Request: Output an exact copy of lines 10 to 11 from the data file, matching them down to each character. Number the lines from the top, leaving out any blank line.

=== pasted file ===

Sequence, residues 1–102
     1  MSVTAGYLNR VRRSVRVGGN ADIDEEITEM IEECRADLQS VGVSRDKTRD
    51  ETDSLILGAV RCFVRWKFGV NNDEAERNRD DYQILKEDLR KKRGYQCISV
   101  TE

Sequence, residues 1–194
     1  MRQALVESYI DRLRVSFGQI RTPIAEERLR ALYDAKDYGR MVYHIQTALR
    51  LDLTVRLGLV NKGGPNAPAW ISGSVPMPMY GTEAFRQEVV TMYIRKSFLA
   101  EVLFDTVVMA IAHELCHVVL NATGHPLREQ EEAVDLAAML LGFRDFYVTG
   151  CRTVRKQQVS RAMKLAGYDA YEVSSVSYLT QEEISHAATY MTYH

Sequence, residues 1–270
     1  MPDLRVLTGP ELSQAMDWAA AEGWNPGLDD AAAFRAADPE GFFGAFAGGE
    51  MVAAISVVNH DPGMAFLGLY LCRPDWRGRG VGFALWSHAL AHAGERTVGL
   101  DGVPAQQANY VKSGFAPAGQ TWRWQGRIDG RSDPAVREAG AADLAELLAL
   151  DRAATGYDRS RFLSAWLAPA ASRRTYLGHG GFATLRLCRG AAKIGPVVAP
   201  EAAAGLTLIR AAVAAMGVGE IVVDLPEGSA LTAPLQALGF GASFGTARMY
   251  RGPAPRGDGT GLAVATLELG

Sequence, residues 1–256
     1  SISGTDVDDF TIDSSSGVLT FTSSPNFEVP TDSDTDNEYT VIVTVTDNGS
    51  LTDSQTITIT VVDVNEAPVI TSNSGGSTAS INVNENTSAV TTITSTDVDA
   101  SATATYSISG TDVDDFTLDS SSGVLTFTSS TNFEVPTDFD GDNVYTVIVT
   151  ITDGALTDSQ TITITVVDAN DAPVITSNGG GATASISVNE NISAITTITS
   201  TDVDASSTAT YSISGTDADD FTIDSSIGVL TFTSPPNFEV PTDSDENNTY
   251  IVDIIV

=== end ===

Sequence, residues 1–270
     1  MPDLRVLTGP ELSQAMDWAA AEGWNPGLDD AAAFRAADPE GFFGAFAGGE